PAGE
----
Do you have any friends who have been making noise about quitting Facebook? Here's where they might be ending up.
Ello, a new social media startup, is trying to siphon users away from Mark Zuckerberg's behemoth by promising to be everything Facebook isn't. And so far it's working — at one point Thursday, the site was adding 31,000 new users an hour, according to Vox.
"Ello is a simple, beautiful, and ad-free social network created by a small group of artists and designers," the site says on its about page. "We originally built Ello as a private social network. Over time, so many people wanted to join Ello that we built a public version of Ello for everyone to use."
The differences: Right now, Ello is invite-only. But if you do snag an invite — or wait until it's open to everyone — you can expect a few key differences from the familiar Facebook.
While users can post, comment and check updates from their friends, they won't see any ads in the process. The company says it won't sell any advertising, nor will it sell users' data to third parties. This idealistic outlook is explained in the Ello "manifesto":
Another feature Ello includes to spite its competitor is the ability to use the name you want. Facebook came under fire from the LGBTQ community for forcing users to use their "real" name, shutting down profiles of people who were instead using chosen names and identities.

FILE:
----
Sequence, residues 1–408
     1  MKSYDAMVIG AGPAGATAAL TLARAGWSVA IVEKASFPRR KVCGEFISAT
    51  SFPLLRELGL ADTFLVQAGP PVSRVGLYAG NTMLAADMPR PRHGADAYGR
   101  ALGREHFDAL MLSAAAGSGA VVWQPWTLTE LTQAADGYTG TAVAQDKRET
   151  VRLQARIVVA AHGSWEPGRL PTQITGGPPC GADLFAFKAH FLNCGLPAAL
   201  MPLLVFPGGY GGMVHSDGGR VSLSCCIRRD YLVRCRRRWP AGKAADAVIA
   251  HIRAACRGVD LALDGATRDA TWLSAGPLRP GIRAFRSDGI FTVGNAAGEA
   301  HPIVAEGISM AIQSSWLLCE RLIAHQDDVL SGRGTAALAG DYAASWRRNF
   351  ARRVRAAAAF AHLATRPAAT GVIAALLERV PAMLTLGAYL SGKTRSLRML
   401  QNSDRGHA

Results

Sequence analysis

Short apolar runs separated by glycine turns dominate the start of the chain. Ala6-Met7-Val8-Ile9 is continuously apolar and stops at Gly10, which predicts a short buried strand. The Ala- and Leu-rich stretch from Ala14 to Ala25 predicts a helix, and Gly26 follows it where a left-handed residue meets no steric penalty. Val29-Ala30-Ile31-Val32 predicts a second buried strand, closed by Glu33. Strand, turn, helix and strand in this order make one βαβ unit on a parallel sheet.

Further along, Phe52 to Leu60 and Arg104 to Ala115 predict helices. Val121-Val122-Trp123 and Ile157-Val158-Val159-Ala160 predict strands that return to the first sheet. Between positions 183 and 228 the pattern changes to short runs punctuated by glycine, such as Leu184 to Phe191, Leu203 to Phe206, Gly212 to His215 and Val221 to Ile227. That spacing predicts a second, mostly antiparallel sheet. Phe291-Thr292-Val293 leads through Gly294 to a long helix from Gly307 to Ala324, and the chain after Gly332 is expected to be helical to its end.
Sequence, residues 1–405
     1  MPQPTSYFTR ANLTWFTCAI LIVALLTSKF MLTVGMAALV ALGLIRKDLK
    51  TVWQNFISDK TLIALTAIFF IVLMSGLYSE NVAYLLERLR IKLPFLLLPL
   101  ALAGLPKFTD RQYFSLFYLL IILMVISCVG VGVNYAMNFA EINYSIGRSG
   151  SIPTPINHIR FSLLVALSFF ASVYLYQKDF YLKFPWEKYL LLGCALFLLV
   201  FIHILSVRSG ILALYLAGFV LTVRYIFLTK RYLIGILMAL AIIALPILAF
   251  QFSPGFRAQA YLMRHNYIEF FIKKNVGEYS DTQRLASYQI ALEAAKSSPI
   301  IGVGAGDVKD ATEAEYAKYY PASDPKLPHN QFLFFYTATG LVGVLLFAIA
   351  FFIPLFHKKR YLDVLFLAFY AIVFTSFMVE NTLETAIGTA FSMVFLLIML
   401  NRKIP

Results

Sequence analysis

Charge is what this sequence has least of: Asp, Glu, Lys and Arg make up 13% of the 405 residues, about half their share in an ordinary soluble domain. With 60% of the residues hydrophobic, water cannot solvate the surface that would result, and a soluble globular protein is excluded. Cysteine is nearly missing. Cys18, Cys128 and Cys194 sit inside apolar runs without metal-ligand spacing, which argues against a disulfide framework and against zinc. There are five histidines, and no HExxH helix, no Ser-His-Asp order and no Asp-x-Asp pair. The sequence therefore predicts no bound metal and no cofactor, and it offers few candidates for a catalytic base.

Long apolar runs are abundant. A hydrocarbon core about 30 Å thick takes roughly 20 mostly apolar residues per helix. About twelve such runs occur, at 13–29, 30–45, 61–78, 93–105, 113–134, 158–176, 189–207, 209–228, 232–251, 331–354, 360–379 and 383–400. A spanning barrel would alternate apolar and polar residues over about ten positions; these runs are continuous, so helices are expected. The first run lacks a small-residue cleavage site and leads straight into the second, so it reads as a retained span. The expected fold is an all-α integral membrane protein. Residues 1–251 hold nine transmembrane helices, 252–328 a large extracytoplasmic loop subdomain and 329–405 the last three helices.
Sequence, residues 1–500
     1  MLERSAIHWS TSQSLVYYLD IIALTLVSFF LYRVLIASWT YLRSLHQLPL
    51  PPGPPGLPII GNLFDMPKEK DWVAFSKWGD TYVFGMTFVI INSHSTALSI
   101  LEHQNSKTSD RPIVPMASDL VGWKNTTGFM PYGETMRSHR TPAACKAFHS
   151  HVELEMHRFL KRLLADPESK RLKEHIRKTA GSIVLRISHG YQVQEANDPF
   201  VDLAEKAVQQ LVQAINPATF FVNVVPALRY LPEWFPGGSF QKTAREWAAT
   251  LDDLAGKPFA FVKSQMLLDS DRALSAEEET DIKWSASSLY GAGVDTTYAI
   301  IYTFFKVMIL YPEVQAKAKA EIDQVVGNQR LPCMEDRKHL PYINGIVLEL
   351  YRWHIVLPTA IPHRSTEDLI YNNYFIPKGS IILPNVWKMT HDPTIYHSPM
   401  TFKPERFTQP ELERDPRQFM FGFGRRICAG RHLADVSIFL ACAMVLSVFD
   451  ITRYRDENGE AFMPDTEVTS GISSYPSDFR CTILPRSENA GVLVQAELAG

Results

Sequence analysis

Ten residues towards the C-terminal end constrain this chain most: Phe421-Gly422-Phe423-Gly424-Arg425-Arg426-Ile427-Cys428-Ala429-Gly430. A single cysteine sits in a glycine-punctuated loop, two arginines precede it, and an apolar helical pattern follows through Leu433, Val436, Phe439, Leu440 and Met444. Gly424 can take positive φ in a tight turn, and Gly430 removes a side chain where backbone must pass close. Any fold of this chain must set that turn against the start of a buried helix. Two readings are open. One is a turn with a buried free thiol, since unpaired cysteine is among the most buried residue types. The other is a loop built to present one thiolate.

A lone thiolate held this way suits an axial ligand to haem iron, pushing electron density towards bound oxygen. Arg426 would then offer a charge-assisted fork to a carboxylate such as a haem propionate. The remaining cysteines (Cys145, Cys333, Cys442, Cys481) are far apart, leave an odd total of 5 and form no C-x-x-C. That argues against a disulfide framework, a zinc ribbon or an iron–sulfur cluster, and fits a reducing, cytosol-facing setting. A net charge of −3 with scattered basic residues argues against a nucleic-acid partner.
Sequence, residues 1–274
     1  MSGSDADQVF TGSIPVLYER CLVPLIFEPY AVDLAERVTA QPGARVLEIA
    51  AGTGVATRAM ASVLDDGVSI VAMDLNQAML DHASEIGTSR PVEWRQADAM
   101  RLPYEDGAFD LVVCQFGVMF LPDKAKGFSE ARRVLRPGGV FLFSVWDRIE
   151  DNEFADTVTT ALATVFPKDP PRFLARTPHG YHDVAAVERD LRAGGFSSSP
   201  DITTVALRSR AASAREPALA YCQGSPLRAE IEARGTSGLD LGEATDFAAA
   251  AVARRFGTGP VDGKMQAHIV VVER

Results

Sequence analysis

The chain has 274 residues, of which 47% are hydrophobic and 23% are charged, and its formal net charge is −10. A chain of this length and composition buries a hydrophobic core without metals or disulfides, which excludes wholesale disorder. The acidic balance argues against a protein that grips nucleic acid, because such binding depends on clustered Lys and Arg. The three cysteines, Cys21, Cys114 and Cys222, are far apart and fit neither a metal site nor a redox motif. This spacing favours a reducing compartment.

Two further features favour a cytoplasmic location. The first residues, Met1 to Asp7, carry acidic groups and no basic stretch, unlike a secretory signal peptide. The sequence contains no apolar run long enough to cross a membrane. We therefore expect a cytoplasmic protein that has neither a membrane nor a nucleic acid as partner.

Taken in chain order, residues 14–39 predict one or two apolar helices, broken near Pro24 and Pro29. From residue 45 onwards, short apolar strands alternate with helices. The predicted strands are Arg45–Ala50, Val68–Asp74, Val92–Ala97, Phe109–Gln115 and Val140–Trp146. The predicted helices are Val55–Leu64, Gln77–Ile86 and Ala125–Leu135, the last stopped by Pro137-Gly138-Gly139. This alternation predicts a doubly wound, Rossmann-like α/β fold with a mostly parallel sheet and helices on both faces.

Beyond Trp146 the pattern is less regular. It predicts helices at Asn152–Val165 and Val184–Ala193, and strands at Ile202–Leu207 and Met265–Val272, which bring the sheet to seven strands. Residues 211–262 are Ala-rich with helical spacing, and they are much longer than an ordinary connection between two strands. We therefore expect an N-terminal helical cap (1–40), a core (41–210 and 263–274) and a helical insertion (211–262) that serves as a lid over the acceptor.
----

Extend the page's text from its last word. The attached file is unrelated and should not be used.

Given the lack of ads, how will Ello make any money? The company says it will start offering premium services for small payments as a way for users to support the site.
Will it last? That's the million-dollar question (quite literally, as tech funders decide whether they want to pour their money into Ello). While it's easy to find people bemoaning Facebook's ubiquity, it's sometimes just as hard to imagine not using the social network.
That's because popularity is Facebook's biggest asset — you want to share things with your friends, and you know that almost all your friends are on Facebook. Ello may be growing quickly, but it needs to get big enough that people feel comfortable jumping ship without losing too many connections.
There's no saying whether the site will last, though earlier social network competitors like Path and Diaspora didn't exactly end up going anywhere. There's also the question of whether Ello can adhere to its manifesto if it starts to get huge. After all, Facebook — as Ello concedes — didn't start off with any ads either.